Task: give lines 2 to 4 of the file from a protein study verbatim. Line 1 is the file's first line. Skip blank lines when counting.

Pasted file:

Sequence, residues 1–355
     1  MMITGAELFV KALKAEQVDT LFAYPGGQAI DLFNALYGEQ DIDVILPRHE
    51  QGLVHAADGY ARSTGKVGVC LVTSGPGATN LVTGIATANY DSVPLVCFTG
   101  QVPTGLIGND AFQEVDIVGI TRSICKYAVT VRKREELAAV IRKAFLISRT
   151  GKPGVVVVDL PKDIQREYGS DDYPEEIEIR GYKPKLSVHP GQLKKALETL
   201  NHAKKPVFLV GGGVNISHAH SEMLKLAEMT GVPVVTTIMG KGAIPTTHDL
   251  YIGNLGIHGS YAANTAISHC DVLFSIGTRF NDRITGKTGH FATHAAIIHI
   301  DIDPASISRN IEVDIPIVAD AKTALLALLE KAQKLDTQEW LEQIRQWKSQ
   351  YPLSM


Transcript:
     1  MMITGAELFV KALKAEQVDT LFAYPGGQAI DLFNALYGEQ DIDVILPRHE
    51  QGLVHAADGY ARSTGKVGVC LVTSGPGATN LVTGIATANY DSVPLVCFTG
   101  QVPTGLIGND AFQEVDIVGI TRSICKYAVT VRKREELAAV IRKAFLISRT